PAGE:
• The browser decided to handle the interaction on its own, considering it a mouse gesture or zoom-and-pan action or something else.

We’ll demonstrate pointercancel on a practical example to see how it affects us.

Let’s say we’re impelementing drag’n’drop for a ball, just as in the beginning of the article Drag'n'Drop with mouse events.

Here is the flow of user actions and the corresponding events:

  1. The user presses the mouse button on an image, to start dragging
    • pointerdown event fires
  2. Then they start dragging the image
    • pointermove fires, maybe several times
  3. Surprise! The browser has native drag’n’drop support for images, that kicks in and takes over the drag’n’drop process, thus generating pointercancel event.
    • The browser now handles drag’n’drop of the image on its own. The user may even drag the ball image out of the browser, into their Mail program or a File Manager.
    • No more pointermove events for us.

So the issue is that the browser “hijacks” the interaction: pointercancel fires and no more pointermove events are generated.

Here’s the demo with pointer events (only up/down, move and cancel) logged in the textarea:

We’d like to implement our own drag’n’drop, so let’s tell the browser not to take it over.

Prevent default browser actions to avoid pointercancel.

We need to do two things:

  1. Prevent native drag’n’drop from happening:
    • We can do this by setting ball.ondragstart = () => false, just as described in the article Drag'n'Drop with mouse events.
    • That works well for mouse events.
  2. For touch devices, there are also touch-related browser actions. We’ll have problems with them too.
    • We can prevent them by setting #ball { touch-action: none } in CSS.
    • Then our code will start working on touch devices.

After we do that, the events will work as intended, the browser won’t hijack the process and doesn’t emit pointercancel.

This demo adds these lines:

As you can see, there’s no pointercancel any more.

Now we can add the code to actually move the ball, and our drag’n’drop will work for mouse devices and touch devices.

Pointer capturing

Pointer capturing is a special feature of pointer events.

The idea is that we can “bind” all events with a particular pointerId to a given element. Then all subsequent events with the same pointerId will be retargeted to the same element. That is: the browser sets that element as the target and trigger associated handlers, no matter where it actually happened.

The related methods are:

  • elem.setPointerCapture(pointerId) – binds the given pointerId to elem.
  • elem.releasePointerCapture(pointerId) – unbinds the given pointerId from elem.

Such binding doesn’t hold long. It’s automatically removed after pointerup or pointercancel events, or when the target elem is removed from the document.

Now when do we need this?

Pointer capturing is used to simplify drag’n’drop kind of interactions.

Let’s recall the problem we met while making a custom slider in the article Drag'n'Drop with mouse events.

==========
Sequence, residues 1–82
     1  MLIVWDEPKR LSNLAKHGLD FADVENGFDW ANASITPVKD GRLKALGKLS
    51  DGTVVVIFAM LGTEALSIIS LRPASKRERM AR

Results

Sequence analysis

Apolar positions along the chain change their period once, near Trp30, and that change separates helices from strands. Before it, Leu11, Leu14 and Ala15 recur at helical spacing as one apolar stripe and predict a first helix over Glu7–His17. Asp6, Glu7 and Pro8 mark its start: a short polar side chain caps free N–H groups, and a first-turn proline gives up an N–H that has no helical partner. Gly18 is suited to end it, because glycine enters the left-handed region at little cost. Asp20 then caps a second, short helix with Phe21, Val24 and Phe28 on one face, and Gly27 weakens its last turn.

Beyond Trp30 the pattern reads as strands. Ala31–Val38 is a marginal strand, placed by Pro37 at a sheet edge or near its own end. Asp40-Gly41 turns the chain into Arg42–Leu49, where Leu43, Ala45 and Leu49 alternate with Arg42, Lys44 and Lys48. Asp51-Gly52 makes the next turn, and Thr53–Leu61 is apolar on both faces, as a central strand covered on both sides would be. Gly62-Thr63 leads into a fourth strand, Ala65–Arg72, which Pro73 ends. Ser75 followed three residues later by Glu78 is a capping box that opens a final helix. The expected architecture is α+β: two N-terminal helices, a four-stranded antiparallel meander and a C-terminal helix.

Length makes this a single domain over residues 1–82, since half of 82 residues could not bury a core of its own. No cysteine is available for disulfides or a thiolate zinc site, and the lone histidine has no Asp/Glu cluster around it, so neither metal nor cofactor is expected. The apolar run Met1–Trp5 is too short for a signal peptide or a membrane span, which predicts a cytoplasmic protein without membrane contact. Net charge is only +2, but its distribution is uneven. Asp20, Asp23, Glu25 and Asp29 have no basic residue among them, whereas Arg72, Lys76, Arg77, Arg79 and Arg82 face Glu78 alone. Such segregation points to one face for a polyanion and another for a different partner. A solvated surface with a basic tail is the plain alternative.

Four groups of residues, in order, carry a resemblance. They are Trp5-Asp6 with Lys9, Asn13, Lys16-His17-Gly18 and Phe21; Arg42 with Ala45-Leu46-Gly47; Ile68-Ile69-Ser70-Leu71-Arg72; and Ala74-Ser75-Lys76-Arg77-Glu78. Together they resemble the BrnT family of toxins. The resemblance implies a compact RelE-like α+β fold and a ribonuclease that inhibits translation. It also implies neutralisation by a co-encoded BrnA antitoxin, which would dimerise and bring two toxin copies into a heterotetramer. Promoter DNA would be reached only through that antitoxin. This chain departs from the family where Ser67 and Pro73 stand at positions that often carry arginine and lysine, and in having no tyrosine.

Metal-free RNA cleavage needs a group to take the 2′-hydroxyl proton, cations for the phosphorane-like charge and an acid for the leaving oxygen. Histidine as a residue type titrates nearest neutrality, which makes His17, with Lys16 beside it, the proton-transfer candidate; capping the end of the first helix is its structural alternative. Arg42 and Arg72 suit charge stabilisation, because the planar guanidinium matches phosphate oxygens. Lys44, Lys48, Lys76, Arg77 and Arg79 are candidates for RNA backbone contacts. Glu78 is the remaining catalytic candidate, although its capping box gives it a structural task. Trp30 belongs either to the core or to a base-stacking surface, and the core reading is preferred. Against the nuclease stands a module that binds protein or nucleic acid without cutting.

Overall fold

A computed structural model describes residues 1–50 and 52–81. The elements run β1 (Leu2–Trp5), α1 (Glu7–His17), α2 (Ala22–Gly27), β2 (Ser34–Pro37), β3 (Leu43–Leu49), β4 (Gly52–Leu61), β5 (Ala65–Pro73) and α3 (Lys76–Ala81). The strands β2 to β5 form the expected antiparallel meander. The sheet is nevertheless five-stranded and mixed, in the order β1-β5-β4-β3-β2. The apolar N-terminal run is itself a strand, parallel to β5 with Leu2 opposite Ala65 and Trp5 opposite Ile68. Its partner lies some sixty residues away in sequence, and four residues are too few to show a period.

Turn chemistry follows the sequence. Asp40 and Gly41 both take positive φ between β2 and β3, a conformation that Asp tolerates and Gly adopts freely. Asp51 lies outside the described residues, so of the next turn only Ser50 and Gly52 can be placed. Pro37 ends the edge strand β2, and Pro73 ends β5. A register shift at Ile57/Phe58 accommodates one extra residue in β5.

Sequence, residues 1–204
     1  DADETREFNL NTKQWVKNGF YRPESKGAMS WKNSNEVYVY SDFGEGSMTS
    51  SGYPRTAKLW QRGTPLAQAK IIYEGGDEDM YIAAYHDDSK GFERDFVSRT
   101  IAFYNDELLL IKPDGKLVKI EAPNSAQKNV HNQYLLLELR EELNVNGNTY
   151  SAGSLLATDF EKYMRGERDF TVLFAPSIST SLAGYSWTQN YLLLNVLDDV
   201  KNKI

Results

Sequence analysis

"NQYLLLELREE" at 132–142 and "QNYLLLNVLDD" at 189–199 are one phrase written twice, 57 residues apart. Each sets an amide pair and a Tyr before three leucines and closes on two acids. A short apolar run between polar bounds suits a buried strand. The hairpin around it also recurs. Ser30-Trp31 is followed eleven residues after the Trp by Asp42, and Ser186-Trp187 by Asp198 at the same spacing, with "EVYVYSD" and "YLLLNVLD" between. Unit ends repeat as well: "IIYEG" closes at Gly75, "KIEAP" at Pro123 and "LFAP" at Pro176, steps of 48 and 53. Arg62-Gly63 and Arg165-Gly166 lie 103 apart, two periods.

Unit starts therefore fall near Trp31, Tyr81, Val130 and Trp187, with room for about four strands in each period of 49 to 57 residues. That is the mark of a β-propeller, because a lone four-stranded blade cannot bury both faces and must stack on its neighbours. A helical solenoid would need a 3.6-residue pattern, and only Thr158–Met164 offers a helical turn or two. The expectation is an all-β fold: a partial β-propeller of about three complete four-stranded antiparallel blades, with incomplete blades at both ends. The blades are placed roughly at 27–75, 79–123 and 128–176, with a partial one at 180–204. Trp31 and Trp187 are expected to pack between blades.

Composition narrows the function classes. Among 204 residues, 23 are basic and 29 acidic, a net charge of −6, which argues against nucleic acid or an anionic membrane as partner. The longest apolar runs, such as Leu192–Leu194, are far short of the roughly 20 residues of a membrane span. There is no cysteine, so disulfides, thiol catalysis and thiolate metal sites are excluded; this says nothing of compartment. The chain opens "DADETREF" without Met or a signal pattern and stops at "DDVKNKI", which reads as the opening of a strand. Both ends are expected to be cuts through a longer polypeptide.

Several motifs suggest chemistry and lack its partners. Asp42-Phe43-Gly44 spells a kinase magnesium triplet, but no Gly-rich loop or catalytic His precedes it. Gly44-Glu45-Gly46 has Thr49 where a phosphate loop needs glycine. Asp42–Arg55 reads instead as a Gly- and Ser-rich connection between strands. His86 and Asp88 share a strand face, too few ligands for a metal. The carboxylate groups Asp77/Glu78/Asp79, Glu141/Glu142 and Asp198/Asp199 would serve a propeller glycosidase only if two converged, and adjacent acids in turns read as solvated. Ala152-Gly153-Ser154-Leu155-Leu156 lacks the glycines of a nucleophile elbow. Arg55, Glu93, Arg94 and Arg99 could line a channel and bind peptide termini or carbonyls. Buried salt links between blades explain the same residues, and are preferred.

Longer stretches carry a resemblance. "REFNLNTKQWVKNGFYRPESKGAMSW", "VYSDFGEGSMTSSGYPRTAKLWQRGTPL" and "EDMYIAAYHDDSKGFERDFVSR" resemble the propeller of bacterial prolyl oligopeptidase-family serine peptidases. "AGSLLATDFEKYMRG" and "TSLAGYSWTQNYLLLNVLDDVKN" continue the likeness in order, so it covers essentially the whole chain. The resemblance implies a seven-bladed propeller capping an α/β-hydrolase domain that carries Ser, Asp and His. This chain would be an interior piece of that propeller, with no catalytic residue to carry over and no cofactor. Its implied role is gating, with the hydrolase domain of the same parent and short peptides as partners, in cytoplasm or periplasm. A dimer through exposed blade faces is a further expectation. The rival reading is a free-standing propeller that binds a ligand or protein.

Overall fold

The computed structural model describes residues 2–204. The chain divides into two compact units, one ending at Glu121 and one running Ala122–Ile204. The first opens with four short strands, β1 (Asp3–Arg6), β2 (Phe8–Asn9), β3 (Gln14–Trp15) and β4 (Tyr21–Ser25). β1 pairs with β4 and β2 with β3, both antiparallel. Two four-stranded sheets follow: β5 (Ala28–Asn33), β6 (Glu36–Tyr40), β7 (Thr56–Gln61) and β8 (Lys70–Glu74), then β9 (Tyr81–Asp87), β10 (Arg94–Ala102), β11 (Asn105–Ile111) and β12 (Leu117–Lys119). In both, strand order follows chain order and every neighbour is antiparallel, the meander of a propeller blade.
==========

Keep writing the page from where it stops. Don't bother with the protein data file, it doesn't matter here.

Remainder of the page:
1. First, the user presses pointerdown on the slider thumb to start dragging it.
  2. …But then, as they move the pointer, it may leave the slider: go below or over it.

But we continue tracking track pointermove events and move the thumb until pointerup, even though the pointer is not on the slider any more.

Previously, to handle pointermove events that happen outside of the slider, we listened for pointermove events on the whole document.

Pointer capturing provides an alternative solution: we can call thumb.setPointerCapture(event.pointerId) in pointerdown handler, and then all future pointer events until pointerup will be retargeted to thumb.

That is: events handlers on thumb will be called, and event.target will always be thumb, even if the user moves their pointer around the whole document. So we can listen at thumb for pointermove, no matter where it happens.

Here’s the essential code:

thumb.onpointerdown = function(event) {
  // retarget all pointer events (until pointerup) to me
  thumb.setPointerCapture(event.pointerId);
};

thumb.onpointermove = function(event) {
  // move the slider: listen at thumb, as all events are retargeted to it
  let newLeft = event.clientX - slider.getBoundingClientRect().left;
  thumb.style.left = newLeft + 'px';
};

// note: no need to call thumb.releasePointerCapture,
// it happens on pointerup automatically

The full demo:

As a summary: the code becomes cleaner as we don’t need to add/remove handlers on the whole document any more. That’s what pointer capturing does.

There are two associated pointer events:

  • gotpointercapture fires when an element uses setPointerCapture to enable capturing.
  • lostpointercapture fires when the capture is released: either explicitly with releasePointerCapture call, or automatically on pointerup/pointercancel.

Summary

Pointer events allow handling mouse, touch and pen events simultaneously.

Pointer events extend mouse events. We can replace mouse with pointer in event names and expect our code to continue working for mouse, with better support for other device types.

Remember to set touch-events: none in CSS for elements that we engage, otherwise the browser will hijack many types of touch interactions, and pointer events won’t be generated.

Additional abilities of Pointer events are:

  • Multi-touch support using pointerId and isPrimary.
  • Device-specific properties, such as pressure, width/height, and others.
  • Pointer capturing: we can retarget all pointer events to a specific element until pointerup/pointercancel.

As of now, pointer events are supported in all major browsers, so we can safely switch to them, as long as IE10- and Safari 12- are not needed. And even with those browsers, there are polyfills that enable the support of pointer events.

Tutorial map